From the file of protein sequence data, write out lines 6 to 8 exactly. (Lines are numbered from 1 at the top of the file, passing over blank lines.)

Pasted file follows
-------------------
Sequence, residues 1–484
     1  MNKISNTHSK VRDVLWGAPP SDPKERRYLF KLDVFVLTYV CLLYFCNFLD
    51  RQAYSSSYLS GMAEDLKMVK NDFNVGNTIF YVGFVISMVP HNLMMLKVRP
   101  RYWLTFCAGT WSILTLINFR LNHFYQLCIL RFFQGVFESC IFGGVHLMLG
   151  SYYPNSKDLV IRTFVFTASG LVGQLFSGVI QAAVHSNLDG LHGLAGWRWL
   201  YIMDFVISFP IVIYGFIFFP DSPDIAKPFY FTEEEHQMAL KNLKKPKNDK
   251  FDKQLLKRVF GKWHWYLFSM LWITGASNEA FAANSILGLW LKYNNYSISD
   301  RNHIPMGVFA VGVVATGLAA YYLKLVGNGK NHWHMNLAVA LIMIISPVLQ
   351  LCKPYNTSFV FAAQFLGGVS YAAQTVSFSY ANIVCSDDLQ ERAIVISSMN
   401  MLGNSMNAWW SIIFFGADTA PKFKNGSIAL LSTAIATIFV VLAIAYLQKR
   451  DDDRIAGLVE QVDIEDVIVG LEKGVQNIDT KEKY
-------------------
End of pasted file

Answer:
   201  YIMDFVISFP IVIYGFIFFP DSPDIAKPFY FTEEEHQMAL KNLKKPKNDK
   251  FDKQLLKRVF GKWHWYLFSM LWITGASNEA FAANSILGLW LKYNNYSISD
   301  RNHIPMGVFA VGVVATGLAA YYLKLVGNGK NHWHMNLAVA LIMIISPVLQ